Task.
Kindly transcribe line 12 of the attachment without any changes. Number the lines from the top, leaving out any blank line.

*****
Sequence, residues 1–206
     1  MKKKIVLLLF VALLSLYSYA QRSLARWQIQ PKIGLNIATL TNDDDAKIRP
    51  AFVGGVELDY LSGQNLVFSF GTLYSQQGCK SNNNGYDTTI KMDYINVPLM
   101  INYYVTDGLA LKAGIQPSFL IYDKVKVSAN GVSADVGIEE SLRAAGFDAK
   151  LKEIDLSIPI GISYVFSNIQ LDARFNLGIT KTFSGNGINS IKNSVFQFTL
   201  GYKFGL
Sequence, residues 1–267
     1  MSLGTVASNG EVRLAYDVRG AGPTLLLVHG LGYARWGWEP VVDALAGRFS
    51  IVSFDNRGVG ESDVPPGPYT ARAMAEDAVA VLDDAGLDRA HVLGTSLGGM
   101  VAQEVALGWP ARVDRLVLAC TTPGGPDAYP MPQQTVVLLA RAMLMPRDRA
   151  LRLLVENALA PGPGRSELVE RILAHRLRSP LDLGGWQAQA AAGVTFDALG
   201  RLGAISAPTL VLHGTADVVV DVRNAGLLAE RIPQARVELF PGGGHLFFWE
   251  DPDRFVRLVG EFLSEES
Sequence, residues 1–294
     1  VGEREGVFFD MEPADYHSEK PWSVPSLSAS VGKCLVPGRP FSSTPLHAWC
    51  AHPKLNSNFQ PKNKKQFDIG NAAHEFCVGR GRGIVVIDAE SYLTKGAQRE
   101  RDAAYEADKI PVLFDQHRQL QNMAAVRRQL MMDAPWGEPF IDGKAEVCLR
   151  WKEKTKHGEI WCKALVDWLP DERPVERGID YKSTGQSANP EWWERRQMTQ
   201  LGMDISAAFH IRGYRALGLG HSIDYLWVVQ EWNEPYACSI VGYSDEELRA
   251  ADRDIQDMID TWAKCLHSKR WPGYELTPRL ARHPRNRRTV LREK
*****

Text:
   201  RLGAISAPTL VLHGTADVVV DVRNAGLLAE RIPQARVELF PGGGHLFFWE